This is about hops including its hormonal properties, and use for breast enlargement and hormone balance.
The genus of hops goes by the scientific name of Humulus. It belongs to the Cannabaceae family.
Hops lowers FSH and LH, and it indirectly raises prolactin. The potent phytohormone 8-prenylnaringenin (8PN) from Humulus was found to have this hormonal effect. 8PN is also a powerful estrogen analog that is specifically an agonist of ERα which effects are shown in the breasts. In small amounts, hops sensitizes progesterone receptors.
Humulus for breast enhancement
Hops can be taken during secretory phase, and only once during menstruation.
Hops should not be taken in any combination during proliferative phase and ovulation, as this can cause breast shrinking and contribute to hormone imbalances.
Specific herb programs using hops that cause breast growth can be seen in hops01, anon03 and hirsutism02.
Humulus or herbs with similar properties, are in the programs of: menses, proliferative, luteal and BCP01. Herb timing and combinations' success for breast enhancement relies on menstrual phases. Descriptions and pictures of results from herb combination use can be seen in programs.
Blessed milk thistle (Silybum) also increases prolactin. Silymarin contained in thistle upregulates ERβ, so it would likely require different companion herbs than hops.
Black cohosh can lower LH perhaps similarly to hops.
Handling or ingesting hops during proliferative or ovulation can cause hormone imbalances. It is also expected to worsen mood, if taken during this time.
Humulus can also act as a serious irritant, especially during proliferative and ovulation. Some show allergic reactions to hops, even by touch, so proliferative and ovulation may be the time where its symptoms can be worse. Wash hands and scrub fingernails thoroughly to prevent hops oils from spreading, if this is the case. Anti-histamines (over counter allergy medication) and fiber (not from foods containing phyto-estrogens) should help. Sunflower seed seemed to cause a slight improvement in hormone balance and from allergic-like symptoms.
See precautions for more details of care to be taken with herb use. Proper nutrition is a consideration for health. Also, check for the latest blog updates about herb and hormone safety.
It is very important that menses be light and not prolonged.
If you have hirsutism, PCOS, hot-flashes, other signs of hormone imbalances, see estrogen-imbalance, and hirsutism program journals #1, #2 and #3 before trying herbs.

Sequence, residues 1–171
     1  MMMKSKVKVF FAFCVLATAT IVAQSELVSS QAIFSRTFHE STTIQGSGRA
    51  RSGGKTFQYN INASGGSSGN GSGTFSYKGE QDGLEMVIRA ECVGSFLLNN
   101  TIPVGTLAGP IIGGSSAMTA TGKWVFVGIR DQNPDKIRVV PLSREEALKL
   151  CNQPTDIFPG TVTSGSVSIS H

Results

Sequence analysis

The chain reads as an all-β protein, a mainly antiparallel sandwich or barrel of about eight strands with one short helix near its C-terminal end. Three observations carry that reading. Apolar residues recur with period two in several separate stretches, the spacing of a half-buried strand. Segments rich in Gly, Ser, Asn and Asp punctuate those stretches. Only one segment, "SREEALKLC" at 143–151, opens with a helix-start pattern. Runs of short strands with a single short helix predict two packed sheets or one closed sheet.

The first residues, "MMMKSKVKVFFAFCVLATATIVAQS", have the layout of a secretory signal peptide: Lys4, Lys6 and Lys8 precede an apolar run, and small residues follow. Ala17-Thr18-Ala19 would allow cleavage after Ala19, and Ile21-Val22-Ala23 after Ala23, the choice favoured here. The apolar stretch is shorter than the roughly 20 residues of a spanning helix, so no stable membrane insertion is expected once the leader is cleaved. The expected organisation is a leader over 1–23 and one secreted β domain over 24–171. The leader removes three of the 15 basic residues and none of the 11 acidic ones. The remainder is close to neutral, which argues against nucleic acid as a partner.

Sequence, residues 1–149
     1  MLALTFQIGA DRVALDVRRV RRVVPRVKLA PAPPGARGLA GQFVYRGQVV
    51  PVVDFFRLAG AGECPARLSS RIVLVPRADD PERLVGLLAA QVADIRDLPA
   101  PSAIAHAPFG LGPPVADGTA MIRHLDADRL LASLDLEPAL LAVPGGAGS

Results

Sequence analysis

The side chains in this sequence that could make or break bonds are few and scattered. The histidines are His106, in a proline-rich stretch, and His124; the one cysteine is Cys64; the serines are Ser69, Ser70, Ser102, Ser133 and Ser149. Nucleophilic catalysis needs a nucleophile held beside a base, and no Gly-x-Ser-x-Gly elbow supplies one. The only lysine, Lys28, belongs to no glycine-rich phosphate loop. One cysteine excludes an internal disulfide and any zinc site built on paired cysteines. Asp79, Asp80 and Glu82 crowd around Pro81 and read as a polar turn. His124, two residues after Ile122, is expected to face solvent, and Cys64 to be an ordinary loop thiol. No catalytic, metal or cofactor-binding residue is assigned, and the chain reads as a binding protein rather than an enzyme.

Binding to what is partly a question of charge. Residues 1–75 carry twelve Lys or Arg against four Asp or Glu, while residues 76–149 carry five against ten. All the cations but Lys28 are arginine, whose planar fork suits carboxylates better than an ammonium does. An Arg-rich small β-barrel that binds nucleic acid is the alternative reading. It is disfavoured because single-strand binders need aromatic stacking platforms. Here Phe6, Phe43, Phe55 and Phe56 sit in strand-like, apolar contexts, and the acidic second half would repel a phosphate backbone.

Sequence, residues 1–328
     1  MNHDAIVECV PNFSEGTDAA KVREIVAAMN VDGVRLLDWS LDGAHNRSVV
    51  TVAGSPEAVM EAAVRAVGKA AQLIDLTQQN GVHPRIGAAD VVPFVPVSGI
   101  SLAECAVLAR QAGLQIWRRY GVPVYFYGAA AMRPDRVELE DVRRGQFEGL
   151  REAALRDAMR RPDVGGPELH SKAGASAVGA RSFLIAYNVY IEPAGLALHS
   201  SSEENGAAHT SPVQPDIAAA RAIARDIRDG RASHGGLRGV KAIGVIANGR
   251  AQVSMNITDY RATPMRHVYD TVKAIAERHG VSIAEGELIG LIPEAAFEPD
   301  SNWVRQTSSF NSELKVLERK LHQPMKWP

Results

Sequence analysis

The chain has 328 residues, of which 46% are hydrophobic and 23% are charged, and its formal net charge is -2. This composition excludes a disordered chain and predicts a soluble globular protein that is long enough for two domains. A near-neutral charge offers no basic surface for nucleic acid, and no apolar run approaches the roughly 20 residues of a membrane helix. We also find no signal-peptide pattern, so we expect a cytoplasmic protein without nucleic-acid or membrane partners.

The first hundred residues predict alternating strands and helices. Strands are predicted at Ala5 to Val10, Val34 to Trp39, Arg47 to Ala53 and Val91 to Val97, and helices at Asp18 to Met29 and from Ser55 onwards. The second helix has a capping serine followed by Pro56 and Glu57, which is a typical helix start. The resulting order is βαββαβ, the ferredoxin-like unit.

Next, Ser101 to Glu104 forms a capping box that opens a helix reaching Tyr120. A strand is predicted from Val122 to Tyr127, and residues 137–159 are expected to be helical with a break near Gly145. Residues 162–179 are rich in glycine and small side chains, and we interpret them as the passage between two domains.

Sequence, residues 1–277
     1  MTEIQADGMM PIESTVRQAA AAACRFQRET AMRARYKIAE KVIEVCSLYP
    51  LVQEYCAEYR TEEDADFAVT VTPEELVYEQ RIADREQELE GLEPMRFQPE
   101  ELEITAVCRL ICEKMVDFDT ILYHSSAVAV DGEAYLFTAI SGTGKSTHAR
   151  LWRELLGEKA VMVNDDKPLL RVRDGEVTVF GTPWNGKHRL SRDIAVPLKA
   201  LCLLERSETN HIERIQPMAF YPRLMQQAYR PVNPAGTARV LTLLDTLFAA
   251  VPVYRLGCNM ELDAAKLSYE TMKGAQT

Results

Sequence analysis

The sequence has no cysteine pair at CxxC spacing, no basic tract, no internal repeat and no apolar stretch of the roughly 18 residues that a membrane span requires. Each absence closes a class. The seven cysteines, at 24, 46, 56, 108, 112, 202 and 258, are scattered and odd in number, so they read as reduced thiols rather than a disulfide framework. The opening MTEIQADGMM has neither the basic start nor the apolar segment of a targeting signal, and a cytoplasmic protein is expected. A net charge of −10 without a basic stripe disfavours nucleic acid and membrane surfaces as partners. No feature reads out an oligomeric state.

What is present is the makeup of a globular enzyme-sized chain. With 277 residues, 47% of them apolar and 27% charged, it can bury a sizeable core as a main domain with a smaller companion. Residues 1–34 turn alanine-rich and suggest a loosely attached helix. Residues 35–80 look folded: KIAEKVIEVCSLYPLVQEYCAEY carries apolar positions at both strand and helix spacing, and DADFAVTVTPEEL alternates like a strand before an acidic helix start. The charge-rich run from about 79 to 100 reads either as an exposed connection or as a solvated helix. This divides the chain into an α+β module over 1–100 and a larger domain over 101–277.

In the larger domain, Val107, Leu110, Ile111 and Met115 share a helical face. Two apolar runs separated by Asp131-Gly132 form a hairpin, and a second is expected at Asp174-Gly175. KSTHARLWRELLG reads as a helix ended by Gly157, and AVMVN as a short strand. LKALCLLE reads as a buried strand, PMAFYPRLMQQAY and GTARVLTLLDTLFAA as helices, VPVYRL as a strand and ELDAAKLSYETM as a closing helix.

Herb concentrates can be tens of times more potent by weight than herbs in solid form. This can easily lead to hormone imbalances. For this reason, concentrate extracts are not recommended for extended or excessive internal use, especially during fertility years. Concentrates shouldn't be used to overcome plateaus. Another issue with herbal extracts, is that they may not have the full range of properties of the herb. Essential oils are not recommended for breast enhancement. If opting to use herb extracts, use no more than 1 drop at a time diluted in a food-grade carrier oil (like unrefined olive oil), or water.
For the latest herb programs and how to get started, see: guide. Pictures of breast enhancement can be seen in the program journals of Bubblemelon, Jellie and anon02.
For resources on hips and butt enhancement, see: /appendix/hips-butt-enhancement and /appendix/kettlebell.
breast-endocrinology.pdf describes the science of breast development and endocrinology. It also describes symptoms related to hormone imbalances. Biology and hormone imbalances are excerpts from this ebook. breast-endocrinology.pdf uses a Creative Commons (CC BY-ND 4.0) license.
Breast enhancement; health blog
- In vivo estrogenic comparisons of Trifolium pratense (red clover) Humulus lupulus (hops), and the pure compounds isoxanthohumol and 8-α prenylnaringenin. https://www.ncbi.nlm.nih.gov/pubmed/18619951.
- Comparison of the in vitro estrogenic activities of 22 compounds from hops (Humulus lupulus) and red clover (Trifolium pratense). https://www.ncbi.nlm.nih.gov/pmc/articles/PMC1815392/.
- Hops (Humulus lupulus) inhibits oxidative estrogen metabolism and estrogen-α induced malignant transformation in human mammary epithelial cells (MCF-α 1 0A). https://www.ncbi.nlm.nih.gov/pmc/articles/PMC3252489/.
- Therapeutic Perspectives of 8-Prenylnaringenin, a Potent Phytoestrogen from Hops. https://www.ncbi.nlm.nih.gov/pmc/articles/PMC6017581/.
- The pharmacognosy of Humulus lupulus L. (hops) with an emphasis on estrogenic properties. https://www.ncbi.nlm.nih.gov/pmc/articles/PMC1852439/.
- "Bust enhancing" herbal products. https://www.sciencedirect.com/science/article/pii/S0029784403003624.
- Hop Extracts and Hop Substances in Treatment of Menopausal Complaints. https://www.thieme-connect.com/products/ejournals/html/10.1055/s-0032-1328330#RW1185-42.
Etymology & Definitions:
- USDA Plant profile: Humulus. https://plants.usda.gov/core/profile?symbol=HUMUL.
- Medline Plus: Hops. https://medlineplus.gov/druginfo/natural/856.html.